My vaginal discharge smells like fish. I'm assuming this couldn't possibly bedue to a messy fish and chips dinner. No, way more intimate than someone constantlyspilling dinner in my lap. Then the most likely cause is due to an infection. I don't think I have a social disease. Well,I hope I don't have a sexual disease. If you have bacterial vaginosis caused bythe overgrowth of bacteria naturally down there, you can end up with a fishy odor. How could I have developed thaté
So much douching to remove any odor that youstripped away healthy bacteria, leaving the bad ones a fertile playground. If you said that about my digestive tract,the solution would be probiotics. If you have that type of discharge, you cantreat it by eating yogurt and hoping that circulates through your system to the vagina.Or you can take the direct route and put yogurt up there. That's as embarrassing to admit as a coloncleanse. You know that it is bacterial overgrowth ifit is worse after you have sex or if you're
suffering a UTI too. I don't see how a UTI could cause this. If you're wiping back to front, the poopbacteria that get into the urinary tract and cause a UTI will cause vaginosis too. What's a reason that doesn't have to dowith a playground being between two sewersé A fishy odor accompanied by a green dischargemeans you have trichomoniasis. It is sometimes called just trich, pronounced trick. *That I've heard of, but I don't knowanything about it.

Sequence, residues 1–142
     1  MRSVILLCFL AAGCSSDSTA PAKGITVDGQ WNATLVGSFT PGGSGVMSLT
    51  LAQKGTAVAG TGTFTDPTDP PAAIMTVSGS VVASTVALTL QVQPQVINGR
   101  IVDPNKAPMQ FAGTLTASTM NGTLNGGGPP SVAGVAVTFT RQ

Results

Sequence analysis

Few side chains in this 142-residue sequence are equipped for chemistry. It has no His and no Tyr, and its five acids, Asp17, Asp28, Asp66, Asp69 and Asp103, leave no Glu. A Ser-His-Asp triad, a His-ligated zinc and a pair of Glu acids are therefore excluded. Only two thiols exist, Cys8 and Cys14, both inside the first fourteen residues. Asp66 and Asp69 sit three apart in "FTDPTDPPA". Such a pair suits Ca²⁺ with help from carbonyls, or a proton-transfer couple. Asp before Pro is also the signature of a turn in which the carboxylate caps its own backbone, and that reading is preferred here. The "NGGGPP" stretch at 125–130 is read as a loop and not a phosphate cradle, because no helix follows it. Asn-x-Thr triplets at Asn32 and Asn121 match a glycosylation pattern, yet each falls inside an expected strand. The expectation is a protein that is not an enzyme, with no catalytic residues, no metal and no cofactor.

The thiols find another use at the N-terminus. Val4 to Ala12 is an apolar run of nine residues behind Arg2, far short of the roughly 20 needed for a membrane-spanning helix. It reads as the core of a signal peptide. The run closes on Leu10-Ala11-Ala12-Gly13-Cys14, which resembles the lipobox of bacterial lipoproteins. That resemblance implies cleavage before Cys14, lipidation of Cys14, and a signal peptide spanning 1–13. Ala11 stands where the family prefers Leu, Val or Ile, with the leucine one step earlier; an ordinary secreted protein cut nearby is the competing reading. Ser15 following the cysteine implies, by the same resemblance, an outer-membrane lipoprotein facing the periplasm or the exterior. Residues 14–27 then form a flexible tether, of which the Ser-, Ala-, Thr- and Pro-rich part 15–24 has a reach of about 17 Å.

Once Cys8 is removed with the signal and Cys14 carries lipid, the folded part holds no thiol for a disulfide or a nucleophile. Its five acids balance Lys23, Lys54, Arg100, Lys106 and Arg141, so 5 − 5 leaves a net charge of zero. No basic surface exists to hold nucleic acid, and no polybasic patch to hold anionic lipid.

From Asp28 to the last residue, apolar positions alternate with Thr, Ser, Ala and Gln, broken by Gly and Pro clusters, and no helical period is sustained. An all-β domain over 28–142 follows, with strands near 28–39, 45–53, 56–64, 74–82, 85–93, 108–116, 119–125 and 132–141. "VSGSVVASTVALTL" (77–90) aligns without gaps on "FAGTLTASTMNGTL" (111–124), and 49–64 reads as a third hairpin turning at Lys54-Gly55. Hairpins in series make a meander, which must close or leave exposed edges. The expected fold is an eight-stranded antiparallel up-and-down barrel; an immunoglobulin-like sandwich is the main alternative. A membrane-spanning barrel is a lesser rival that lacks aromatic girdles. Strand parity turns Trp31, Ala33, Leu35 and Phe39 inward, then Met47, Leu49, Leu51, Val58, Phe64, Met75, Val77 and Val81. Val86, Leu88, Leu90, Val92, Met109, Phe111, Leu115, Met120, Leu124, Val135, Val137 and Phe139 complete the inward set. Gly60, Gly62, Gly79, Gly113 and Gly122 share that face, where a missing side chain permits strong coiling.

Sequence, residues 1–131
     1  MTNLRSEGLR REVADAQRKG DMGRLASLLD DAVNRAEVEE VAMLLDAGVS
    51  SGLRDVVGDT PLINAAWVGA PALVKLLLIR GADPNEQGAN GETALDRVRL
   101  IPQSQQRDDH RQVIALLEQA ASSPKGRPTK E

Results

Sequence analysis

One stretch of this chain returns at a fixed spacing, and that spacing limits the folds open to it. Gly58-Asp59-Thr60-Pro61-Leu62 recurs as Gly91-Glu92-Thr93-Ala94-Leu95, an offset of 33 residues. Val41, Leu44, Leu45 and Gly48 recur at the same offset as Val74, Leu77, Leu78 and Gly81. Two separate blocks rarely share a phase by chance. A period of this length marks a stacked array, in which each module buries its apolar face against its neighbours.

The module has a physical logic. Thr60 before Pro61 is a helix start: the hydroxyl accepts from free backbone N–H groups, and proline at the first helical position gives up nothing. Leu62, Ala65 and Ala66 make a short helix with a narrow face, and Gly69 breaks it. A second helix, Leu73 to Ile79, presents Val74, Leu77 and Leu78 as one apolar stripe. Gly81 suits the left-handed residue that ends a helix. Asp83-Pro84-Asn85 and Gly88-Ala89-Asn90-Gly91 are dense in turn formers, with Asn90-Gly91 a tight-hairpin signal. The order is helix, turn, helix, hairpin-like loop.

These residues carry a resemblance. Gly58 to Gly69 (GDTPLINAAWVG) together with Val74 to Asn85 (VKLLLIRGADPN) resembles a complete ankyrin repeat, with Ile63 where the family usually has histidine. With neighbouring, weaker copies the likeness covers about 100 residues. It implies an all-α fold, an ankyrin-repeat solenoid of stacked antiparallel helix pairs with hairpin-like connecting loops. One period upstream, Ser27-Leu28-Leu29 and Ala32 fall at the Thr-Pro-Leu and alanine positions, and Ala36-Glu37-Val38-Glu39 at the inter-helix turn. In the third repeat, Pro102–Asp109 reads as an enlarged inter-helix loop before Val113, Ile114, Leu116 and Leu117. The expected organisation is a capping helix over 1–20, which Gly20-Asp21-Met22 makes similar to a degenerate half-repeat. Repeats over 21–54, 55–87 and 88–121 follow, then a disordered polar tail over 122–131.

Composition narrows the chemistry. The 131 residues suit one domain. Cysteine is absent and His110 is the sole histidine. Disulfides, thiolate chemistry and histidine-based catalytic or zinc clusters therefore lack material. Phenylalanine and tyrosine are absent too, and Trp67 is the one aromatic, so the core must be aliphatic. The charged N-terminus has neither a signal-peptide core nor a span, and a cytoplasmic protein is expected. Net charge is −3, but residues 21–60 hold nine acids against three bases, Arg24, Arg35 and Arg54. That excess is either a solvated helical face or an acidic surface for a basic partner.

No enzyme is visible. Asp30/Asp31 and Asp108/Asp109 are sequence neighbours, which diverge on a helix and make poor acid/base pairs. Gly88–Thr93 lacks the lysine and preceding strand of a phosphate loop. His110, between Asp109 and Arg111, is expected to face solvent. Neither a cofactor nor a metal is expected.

Trichomoniasis is a protozoan infection, andit causes a sour or fishy smell. Then trich is a sexual disease. Yes, and they can cure it with antibiotics. What else could it beé If it smells like rotted meat down there,you may have forgotten a tampon. That's what can cause toxic shock syndrome. Yes, and rotted fish smells means you havethe vaginosis or severe yeast infection, plus the bacteria that can cause toxic shock syndrome.
Anything on that list necessitates gettingto a , and after which, only using ultrathick maxi pads. If the vaginal discharge smells bad and lookslike curds, you have a yeast infection. It is also more likely if the itching is bad,skin is red and it hurts when you pee or have sex. At least that I can treat with stuff fromthe store. And any other cause requires talking to a, yogurt or not.
Blue Valley male athletes work on cheerleading routine
MUCH THEY PAID FOR THEIR SPOT. AND NOTHING SHOWS HIGH SCHOOL SPIRIT LIKE A CHEERLEADING SQUAD. BUT WHAT HAPPENS WHEN THE FOOTBALL PLAYERS, OR WRESTLERS WANT TO JOIN THEMé IT IS SOMETHING FUN TO WATCH.
AND IT HAPPENS EVERY YEAR AT BLUE VALLEY HIGH SCHOOL. THE PLAYERS TRY OUT THEIR CHEERLEADING SKILLS AND THE TRADITION HAS BECOME ONE OF THE MOST POPULAR EVENTS AT THE SCHOOL. KAREN KORNACKI SHOWS US WHY.
THIS IS WHAT THE STUDENTS AT BLUE VALLEY HIGH SCHOOL LOOK FORWARD TO EVERY YEAR, THE CHANCE TO WATCH THE MALE ATHLETES JOIN THE CHEERLEADERS FOR WHAT THEY CALL THE SWEETHEART ROUTINE. WHY ARE YOU DOING
THISé IT IS A TRADITION. FOR A LOT OF SENIORS, ON THE FOOTBALL TEAM, WE JOIN THE CHEERLEADERS. THEY HAVE BEEN TRYING SINCE DECEMBER TO LEARN THE MOVES THAT DON'T ALWAYS COME NATURALLY.